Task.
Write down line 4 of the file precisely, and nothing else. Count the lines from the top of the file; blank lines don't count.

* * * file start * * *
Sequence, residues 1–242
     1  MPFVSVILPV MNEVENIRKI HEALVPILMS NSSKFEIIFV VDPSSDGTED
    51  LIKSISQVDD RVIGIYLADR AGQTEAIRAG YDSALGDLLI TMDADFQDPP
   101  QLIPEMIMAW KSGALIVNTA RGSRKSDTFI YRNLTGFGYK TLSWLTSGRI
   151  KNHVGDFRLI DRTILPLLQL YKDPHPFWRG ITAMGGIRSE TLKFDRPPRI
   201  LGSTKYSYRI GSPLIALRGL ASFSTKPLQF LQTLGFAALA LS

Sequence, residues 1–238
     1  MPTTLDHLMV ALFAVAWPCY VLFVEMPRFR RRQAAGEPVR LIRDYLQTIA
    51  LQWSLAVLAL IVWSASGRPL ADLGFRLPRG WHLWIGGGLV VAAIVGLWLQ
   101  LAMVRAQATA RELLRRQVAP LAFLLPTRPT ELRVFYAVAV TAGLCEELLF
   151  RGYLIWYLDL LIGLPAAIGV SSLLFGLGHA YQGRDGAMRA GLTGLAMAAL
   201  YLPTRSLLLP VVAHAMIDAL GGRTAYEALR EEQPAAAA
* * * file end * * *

   101  QLIPEMIMAW KSGALIVNTA RGSRKSDTFI YRNLTGFGYK TLSWLTSGRI